Iran’s New Arash 20mm Shoulder Fired Anti-Material Rifle (With Barrett BORS Clone)

    Iran has developed a new 20mm anti-material rifle called the Arash.  The rifle is fired standing up with the gun resting on the operators shoulder, much like a RPG, and on the forward bipod. The butt stock is position about midway along the length of the gun with the pistol grip and trigger just forward of it.

    Arash rifle (20x102) [Iran] (2)

    The ammunition appears to be either a 20x102mm HEI (High Explosive Incendiary  round (or a similarly sized 20mm caliber HEI round). The punishing recoil  seems to be mitigated by both a huge barrel shaped muzzle brake and by the odd design of the gun which makes it pivot on the operators shoulder during recoil.



    The scope system is particularly interesting. The Iranians, who never let an opportunity to clone a Western military invention go to waste, seem to have produced a clone of the Barrett BORS (Barrett Optical Ranging System) ballistic computer. The Iranian system looks like an almost exact replica, right down to its integration with the scope evaluation knob. The Barrett BORS monitors the evaluation knob and measures air temperature, barometric pressure and rifle tilt in order to calculate the range at which the rifle is set. Presumably the Iranian clone does the same. The position of the scope would make it difficult, if not impossible, for this rifle to be fired from the prone position.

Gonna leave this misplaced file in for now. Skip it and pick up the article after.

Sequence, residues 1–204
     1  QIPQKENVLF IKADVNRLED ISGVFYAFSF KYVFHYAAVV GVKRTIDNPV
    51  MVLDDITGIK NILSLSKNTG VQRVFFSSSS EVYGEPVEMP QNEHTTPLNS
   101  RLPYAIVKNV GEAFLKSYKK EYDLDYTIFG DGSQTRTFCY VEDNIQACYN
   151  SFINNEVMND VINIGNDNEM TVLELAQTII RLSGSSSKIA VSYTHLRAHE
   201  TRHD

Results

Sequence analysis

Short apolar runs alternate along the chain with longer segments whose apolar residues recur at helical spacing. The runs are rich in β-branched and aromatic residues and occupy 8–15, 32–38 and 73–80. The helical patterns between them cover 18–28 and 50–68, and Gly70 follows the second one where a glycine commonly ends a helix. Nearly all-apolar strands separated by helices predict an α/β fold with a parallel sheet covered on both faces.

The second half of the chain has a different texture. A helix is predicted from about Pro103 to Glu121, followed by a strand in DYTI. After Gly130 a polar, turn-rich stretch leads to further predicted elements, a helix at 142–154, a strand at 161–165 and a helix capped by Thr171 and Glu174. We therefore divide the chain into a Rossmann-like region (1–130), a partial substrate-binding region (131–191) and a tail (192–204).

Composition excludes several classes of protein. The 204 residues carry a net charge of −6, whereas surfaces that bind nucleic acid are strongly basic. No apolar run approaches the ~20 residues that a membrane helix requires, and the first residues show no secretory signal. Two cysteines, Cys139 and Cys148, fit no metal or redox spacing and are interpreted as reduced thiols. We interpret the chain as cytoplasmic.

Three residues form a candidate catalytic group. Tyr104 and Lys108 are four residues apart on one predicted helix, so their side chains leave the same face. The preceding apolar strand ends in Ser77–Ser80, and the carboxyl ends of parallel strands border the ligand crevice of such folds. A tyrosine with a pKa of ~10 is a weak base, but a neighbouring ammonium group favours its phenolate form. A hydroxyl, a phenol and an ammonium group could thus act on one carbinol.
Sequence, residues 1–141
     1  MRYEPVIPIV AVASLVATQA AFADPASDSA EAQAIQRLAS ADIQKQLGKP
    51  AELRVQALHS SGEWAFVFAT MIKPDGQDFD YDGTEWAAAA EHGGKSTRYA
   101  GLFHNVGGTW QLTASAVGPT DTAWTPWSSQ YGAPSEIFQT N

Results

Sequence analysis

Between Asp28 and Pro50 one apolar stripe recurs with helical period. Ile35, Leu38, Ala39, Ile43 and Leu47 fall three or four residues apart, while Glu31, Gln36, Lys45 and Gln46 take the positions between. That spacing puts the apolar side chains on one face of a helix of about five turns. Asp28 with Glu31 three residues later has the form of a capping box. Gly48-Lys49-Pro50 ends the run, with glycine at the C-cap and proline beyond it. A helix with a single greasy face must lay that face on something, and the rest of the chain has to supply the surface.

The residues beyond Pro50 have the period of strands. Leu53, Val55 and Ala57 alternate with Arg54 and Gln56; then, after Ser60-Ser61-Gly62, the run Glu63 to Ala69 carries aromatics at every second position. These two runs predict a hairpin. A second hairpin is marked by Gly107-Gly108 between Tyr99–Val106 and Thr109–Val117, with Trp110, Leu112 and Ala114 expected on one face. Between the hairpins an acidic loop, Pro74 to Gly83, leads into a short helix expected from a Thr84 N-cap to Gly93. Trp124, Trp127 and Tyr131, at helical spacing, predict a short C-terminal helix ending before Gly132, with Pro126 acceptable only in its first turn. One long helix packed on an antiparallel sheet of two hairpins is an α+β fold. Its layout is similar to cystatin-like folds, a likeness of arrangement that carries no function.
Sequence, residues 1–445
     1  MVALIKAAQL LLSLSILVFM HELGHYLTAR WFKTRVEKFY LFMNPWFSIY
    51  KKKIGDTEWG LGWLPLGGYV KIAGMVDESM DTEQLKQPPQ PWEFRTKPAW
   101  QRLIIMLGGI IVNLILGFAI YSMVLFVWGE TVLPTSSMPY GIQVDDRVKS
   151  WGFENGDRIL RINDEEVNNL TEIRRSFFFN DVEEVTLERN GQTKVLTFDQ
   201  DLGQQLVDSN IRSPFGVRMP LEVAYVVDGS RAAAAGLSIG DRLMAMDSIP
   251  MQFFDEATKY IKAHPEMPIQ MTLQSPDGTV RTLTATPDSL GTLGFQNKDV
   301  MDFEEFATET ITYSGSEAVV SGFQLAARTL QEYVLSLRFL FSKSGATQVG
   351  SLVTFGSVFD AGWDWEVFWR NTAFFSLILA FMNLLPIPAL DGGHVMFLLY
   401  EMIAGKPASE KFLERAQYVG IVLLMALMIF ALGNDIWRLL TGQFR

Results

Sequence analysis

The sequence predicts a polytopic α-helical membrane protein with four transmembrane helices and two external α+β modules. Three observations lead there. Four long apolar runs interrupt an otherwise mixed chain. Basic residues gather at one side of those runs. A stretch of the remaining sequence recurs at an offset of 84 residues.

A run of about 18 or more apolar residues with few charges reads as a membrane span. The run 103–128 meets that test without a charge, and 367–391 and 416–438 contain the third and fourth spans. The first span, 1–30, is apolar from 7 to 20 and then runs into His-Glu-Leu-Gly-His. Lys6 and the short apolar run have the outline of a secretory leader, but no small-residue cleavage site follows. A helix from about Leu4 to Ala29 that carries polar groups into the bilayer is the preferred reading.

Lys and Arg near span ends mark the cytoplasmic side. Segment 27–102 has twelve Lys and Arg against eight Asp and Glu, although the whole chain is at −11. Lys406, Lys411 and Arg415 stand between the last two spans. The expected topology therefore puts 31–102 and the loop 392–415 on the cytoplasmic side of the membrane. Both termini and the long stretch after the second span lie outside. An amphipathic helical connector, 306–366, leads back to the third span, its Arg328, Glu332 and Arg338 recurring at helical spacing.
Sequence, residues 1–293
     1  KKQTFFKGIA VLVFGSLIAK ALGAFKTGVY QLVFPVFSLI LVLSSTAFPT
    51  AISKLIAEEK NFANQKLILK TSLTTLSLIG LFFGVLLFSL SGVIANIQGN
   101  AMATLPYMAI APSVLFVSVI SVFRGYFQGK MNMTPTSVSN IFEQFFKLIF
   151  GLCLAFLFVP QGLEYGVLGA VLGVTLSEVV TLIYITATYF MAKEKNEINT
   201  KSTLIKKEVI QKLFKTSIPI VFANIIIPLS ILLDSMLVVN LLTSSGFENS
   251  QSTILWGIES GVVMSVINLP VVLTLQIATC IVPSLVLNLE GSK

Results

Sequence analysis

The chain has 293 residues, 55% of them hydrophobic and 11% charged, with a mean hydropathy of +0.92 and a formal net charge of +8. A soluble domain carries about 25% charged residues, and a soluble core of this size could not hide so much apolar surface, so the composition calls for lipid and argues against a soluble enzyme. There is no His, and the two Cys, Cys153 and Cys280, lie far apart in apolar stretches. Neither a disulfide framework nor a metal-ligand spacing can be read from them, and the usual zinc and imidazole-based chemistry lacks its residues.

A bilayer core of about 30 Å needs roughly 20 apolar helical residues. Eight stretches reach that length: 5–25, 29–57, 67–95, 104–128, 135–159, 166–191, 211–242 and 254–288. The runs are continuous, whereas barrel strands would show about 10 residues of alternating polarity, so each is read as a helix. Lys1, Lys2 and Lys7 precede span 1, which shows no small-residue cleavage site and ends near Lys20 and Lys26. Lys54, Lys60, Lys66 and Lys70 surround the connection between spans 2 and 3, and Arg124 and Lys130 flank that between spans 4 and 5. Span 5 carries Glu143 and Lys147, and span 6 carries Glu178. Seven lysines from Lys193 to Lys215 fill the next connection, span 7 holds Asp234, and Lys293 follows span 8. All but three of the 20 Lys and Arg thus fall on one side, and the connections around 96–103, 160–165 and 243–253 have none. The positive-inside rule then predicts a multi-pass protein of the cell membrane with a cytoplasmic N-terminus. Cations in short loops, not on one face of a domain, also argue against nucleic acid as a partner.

Arash rifle (20x102) [Iran] (3)

    Like their MANPADs, Arash is operated by two man motorcycle teams following classic Iranian “shoot and scoot” doctrine.

    The video below, which was filmed taken during the recent Islamic Revolution Guards Corps  Payambar-e Azam 8 (The Great Prophet 8) wargames, shows the Arash being fired.

    Many thanks to Nic Jenzen-Jones for providing research, photos and videos relating to the Arash.

    Steve Johnson

    I founded TFB in 2007 and over 10 years worked tirelessly, with the help of my team, to build it up into the largest gun blog online. I retired as Editor in Chief in 2017. During my decade at TFB I was fortunate to work with the most amazing talented writers and genuinely good people!